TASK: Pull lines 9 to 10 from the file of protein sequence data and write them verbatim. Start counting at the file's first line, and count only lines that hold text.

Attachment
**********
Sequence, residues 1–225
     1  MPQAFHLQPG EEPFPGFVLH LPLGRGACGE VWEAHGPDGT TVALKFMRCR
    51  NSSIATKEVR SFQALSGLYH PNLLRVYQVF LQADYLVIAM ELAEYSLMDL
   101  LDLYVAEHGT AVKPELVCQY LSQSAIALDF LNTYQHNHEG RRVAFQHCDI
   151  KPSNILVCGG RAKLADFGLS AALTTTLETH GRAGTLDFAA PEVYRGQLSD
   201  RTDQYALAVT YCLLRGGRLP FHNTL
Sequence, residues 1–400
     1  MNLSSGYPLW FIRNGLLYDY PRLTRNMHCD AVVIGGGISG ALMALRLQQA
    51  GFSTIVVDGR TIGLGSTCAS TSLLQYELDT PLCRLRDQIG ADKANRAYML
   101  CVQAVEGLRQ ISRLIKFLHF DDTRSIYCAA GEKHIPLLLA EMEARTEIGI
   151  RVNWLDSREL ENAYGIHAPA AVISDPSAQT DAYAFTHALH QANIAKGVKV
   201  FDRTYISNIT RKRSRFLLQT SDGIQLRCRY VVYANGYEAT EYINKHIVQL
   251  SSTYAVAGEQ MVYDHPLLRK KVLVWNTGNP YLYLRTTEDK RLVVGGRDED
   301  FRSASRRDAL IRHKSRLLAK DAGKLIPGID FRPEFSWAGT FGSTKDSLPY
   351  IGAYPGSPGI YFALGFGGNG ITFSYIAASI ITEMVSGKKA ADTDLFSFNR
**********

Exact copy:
    51  GFSTIVVDGR TIGLGSTCAS TSLLQYELDT PLCRLRDQIG ADKANRAYML
   101  CVQAVEGLRQ ISRLIKFLHF DDTRSIYCAA GEKHIPLLLA EMEARTEIGI